Feb 28, 2017

Hansard – Social Services Legislation Amendment (Omnibus Savings and Child Care Reform) Bill 2017 – Second Reading

I rise to oppose the omnibus saving bill and to support the amendment moved by the member for Jagajaga. When the history of the Abbott and Turnbull governments is written, their record will be one of unceasing attacks on those Australians who have the lowest incomes. Whenever this government feels that it is losing control of the agenda, it makes a show of targeting people on welfare. It operates on the motto, ‘When in trouble, attacked the poor’. Consider the Centrelink debacle, the refusal to stand up for penalty rates, the pension changes that took place in January and the mothership of cruelty under this government—the 2014 budget. The bill before us is the latest example. It is an attempt to sneak through many of the unfair changes from the 2014 budget, changes that were not only rejected by Australians overwhelmingly but changes that cost Tony Abbott the prime ministership.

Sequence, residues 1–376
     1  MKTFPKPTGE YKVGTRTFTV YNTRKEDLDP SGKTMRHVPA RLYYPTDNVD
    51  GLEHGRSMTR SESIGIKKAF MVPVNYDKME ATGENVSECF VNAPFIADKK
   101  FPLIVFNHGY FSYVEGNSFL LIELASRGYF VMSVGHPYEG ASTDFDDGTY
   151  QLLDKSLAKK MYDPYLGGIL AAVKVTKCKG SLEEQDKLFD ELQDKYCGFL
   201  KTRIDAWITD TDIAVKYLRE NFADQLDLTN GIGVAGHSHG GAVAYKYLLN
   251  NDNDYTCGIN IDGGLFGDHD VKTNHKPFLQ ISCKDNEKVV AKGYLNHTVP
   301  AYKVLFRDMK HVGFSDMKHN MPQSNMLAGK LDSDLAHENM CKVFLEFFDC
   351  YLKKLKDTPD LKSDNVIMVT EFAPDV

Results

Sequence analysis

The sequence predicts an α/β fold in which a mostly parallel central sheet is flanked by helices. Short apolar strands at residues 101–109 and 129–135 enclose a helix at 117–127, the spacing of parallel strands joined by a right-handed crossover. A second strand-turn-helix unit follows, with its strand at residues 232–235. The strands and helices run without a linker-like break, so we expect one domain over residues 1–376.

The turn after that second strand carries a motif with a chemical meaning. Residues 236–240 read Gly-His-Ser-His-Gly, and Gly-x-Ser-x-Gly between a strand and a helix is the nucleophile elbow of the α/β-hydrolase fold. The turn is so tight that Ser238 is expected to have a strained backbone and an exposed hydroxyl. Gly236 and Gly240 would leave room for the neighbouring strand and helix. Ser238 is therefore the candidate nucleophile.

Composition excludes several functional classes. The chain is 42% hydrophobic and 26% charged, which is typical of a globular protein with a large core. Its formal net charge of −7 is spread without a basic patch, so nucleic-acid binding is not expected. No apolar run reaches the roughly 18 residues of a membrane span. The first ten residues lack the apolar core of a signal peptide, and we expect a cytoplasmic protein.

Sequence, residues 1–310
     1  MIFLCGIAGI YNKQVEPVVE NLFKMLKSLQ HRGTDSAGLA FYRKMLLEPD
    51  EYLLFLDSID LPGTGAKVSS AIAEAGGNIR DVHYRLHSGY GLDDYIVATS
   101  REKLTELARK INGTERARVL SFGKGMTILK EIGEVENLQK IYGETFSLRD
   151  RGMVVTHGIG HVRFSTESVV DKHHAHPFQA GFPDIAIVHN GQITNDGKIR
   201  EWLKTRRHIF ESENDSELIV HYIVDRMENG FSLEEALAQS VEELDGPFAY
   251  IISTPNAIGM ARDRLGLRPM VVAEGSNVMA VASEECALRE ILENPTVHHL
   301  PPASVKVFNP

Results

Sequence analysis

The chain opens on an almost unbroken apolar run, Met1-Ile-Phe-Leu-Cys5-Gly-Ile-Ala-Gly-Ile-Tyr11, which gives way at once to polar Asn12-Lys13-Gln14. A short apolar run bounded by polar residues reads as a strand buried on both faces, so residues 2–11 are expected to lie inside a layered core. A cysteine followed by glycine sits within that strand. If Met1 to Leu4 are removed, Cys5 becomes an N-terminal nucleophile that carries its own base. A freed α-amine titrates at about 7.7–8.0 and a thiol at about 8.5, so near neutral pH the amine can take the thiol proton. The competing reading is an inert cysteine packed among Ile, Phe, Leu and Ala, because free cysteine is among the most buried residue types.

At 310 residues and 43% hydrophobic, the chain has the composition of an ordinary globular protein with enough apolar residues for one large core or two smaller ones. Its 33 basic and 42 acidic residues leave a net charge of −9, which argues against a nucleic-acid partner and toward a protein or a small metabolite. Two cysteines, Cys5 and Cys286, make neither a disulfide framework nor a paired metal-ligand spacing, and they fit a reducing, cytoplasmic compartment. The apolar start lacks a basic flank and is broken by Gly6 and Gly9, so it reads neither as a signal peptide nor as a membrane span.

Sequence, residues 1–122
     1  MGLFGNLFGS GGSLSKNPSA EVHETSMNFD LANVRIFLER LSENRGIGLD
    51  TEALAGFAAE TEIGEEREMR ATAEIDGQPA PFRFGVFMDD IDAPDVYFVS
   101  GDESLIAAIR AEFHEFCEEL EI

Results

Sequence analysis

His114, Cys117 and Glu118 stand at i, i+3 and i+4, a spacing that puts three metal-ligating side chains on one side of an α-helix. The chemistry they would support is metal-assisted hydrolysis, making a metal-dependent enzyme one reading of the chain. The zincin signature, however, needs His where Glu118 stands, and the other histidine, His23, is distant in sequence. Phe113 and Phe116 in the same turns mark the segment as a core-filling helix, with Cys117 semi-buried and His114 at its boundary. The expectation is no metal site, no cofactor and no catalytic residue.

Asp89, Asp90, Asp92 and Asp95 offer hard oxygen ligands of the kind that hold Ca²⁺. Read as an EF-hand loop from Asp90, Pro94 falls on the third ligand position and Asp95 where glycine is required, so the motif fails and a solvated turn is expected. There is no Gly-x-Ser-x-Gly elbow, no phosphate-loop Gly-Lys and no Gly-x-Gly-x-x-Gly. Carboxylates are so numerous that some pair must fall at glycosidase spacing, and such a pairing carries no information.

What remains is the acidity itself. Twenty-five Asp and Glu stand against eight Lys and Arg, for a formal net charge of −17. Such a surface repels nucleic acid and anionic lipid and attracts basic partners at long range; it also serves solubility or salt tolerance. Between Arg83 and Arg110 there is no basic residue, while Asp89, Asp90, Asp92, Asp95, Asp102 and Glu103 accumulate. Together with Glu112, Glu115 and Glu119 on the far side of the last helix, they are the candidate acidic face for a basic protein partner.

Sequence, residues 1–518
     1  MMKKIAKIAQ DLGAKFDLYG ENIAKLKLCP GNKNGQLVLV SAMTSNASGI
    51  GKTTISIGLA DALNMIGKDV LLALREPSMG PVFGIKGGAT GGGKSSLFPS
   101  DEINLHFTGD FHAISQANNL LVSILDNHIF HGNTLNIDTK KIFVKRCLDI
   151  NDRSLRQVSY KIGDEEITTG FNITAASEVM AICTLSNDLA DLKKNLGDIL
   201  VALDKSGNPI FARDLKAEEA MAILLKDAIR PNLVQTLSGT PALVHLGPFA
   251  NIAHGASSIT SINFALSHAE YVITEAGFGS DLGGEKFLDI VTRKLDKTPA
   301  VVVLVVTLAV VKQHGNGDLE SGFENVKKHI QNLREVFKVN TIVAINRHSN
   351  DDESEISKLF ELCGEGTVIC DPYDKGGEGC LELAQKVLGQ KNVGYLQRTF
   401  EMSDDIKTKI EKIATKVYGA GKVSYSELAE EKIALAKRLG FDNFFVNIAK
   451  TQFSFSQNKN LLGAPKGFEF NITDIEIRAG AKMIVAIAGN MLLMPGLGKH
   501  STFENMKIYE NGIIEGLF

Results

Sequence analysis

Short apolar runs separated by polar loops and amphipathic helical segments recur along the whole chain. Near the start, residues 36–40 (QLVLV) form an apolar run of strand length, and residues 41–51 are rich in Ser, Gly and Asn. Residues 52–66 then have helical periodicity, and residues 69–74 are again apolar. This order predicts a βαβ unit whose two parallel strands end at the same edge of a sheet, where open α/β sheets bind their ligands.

The impact of the cuts and punitive measures in this bill would be felt right across the country, including in my electorate of Grayndler. Young people, new parents, low- and middle-income families, pensioners and elderly migrants—these are the people who will pay the price for the government’s economic policies. Those opposite know that there is a human cost to these cuts, but it is a cost they wilfully ignore. They would rather give big businesses a $50 billion tax cut than help single mothers keep food on the table. They would rather withhold financial support for unemployed young people than crack down on big corporate tax evaders. And if anyone has the courage to complain, as has happened to people in my electorate of Grayndler, then government vilifies them and attacks them. No wonder this government is in such trouble. No wonder the member for Warringah is stalking the Prime Minister.